- Substantivism argues that technology is a value in itself, that it functions like a religious choice, excluding other alternatives. 

Once a society chooses a technological path, it will be dedicated to values such as efficiency and power, and traditional values can not survive. Determinism and substantivism are closely related but the former are usually optimists (such as Marx), while the latter are usually pessimists.

  • The Quadrant:

- Technology can be: Autonomous vs Human Controlled

- and Neutral (means and ends are separated)vs Value Laden (means and end are related)

This gives us four possibilities:

       - Neutral + Autonomous: Determinism (modernization theory)
       - Neutral + Humanly Controlled: Instrumentalism (liberal faith in progress)
       - Value-laden + Autonomous: Substantivism (means and ends linked in through systems)
       - Value-Laden and Human Controlled: Critical Theory (choice of alternative means-ends systems)

Feenberg on Heidegger:

"Technology constitutes a new type of cultural system that restructures the entire social world as an object of control." It invades everything and it is inescapable. The only possibility is retreat. "Only a God can save us."

Heidegger contrasts the Greek craftsman who brings the truth out of the material, from the modern engineer who completely obliterates it. He 'de-worlds' his material to make it fit his plan. According to Feenberg, Heidegger's critique is at such a high level of abstraction, that it cannot distinguish between atomic bombs and agriculture.

Feenberg on Habermas

For Habermas, technical action is part of his general critique of 'purposive-rational action'. This positivist understanding of reason, is what he sees realized in technocratic society. His fundamental essay on the topic is: 'Technology and Science as Ideology'. And the two books related to the topic are 'Toward a Rational Society' (Beacon Press, 1970) and 'The Theory of Communicative Action: Lifeworld and System, a critique of functionalist reason' (Beacon Press, 1984). Whereas Heidegger proposed a 'quasi-historical account', Habermas offers a theory of the transhistorical essence of technological action 'in general'. In his later work , he contrasted 'media theory' from 'communicative action': Media make it possible for modern individuals to coordinate their actins while still individually pursuing success through an instrumental attitude. He distinguishes this 'media-steered interaction' from communicative understanding, i.e. the attempt to arrived at shared beliefs in the course of linguistic understandings (the former replaces the latter more and more).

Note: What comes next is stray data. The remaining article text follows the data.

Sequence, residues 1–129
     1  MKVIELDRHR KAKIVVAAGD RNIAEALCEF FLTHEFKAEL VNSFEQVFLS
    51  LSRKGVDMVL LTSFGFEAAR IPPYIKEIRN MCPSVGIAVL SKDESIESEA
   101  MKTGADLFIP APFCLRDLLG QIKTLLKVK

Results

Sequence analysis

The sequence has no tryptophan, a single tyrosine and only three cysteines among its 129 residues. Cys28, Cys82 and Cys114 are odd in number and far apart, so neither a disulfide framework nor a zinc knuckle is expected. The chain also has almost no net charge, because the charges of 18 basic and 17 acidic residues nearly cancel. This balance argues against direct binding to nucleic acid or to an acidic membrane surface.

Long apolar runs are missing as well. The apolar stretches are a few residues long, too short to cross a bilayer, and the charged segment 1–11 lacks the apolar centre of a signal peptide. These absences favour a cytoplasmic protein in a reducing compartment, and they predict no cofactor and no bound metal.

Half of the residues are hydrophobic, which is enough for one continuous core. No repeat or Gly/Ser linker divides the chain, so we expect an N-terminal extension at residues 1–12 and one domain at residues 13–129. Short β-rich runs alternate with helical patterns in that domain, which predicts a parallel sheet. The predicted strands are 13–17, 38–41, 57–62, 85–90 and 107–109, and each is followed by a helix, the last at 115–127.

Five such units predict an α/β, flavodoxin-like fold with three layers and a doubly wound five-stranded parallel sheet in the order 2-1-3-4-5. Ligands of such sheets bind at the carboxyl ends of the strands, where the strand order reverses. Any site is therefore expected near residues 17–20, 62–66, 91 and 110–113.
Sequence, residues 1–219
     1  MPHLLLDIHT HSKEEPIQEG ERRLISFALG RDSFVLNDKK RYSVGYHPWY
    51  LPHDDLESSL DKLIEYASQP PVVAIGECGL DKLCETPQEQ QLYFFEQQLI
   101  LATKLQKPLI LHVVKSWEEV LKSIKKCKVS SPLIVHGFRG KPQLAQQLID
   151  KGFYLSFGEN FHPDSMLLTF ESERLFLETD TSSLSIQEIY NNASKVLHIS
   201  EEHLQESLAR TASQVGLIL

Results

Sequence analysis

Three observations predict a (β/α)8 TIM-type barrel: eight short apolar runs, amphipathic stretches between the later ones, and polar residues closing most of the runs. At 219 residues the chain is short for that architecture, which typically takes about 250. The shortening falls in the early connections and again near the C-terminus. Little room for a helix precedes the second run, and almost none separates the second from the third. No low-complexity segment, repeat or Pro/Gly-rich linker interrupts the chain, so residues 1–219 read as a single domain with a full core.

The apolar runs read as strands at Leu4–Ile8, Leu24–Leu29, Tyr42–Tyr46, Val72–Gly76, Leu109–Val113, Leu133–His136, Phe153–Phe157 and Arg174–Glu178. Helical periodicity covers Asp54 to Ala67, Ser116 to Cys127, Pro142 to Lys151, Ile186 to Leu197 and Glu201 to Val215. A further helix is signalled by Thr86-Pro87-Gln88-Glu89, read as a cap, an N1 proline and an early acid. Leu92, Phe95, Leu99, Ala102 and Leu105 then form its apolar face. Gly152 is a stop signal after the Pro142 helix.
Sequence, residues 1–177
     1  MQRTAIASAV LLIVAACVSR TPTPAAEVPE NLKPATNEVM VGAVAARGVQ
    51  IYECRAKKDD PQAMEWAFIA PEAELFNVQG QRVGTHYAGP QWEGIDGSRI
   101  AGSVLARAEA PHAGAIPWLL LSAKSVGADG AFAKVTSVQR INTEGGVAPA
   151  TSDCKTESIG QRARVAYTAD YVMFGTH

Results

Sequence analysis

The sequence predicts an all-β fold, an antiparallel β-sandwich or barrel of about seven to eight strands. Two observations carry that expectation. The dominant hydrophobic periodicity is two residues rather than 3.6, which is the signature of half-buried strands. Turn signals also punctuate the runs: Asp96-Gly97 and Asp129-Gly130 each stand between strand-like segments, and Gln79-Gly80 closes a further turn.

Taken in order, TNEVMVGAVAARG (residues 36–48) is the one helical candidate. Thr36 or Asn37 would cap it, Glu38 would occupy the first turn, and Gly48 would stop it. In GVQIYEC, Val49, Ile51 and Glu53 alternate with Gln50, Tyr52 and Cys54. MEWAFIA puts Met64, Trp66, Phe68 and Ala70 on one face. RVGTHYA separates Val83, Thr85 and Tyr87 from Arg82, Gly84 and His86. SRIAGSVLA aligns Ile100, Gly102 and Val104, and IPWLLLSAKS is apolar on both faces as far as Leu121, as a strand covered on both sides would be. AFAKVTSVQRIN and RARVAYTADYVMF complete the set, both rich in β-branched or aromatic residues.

The central pathology is the colonization of the lifeworld (the sphere of everyday communicative interactions), by systems (i.e. media-regulated rational institutions), i.e. the result being the technicization of the lifeworld (see also Luhman). Habermas relies on the Weberian hypothesis that premodern and modern societies are distinguished by the degree of differentiation of domains, and that this differentiation has led to a degradation of the object of technical action to a lower plane of being than that of the subject using it. While Heidegger looked at the object, Habermas looks to the side of the subject. Thus, Heidegger and Habermas can be read as complementary. Both are too 'essentialist' and Heidegger is substantivist.

Feenberg on Marcuse

  • Plato distinguished between Techne, based on a logos and striving for the good (ex. a good doctor motivated by a desire to heal), and Empirae, mere tricks used for subjective purposes (rhetoric, when it is abused).
  • Weber distinguishes between substantive rationality, which aims for a good (education for all), and chooses the means for it (teachers and classrooms), and formal rationality, which is solely concerned with the efficiency of the means (the good must come from the outside, from its users). The latter, through the market, is now more predominant. Weber's formal rationality was systemic and inexorable.
  • A generation later, Heidegger shifted his attention away from markets and bureaucracy, to technology, i.e. technoscience itself, and that it would destroy both man and nature. The embedded 'value' in technology is 'pure domination'. Where Plato and classical philosophy distinguished empirical reality from finality, this distinction has been lost in modernity. Finalities are now treated as mere subjective preferences. Thus that government must serve justice has now become entirely immaterial.
  • Marcuse however, returned to this classical distinction, but said Marxism's original contention that technology could be used for higher ends was naive. Technology had to be reformed at the fundamental level.

He differed however from Heidegger and the Frankfurt School by insisting that technology still had a promise, that a new instrumentality could be forged. Technology is to be reconstructed around a conception of the good, i.e. Eros, and should recognize Nature as another subject. But of course, the static essences of the ancients (fixed community standards are no longer acceptable to us moderns ), had to be historicized, made dynamic. Since technology is not a mere set of objects but a way of seeing the whole of reality as an object of technological control, what has to be created is a whole set of new experiences. This is called 'aesthetic reduction" and aims to recognize the essences, from what is contingent. Essence is defined as the potentiality they could achieve, if they were not stunted in their development.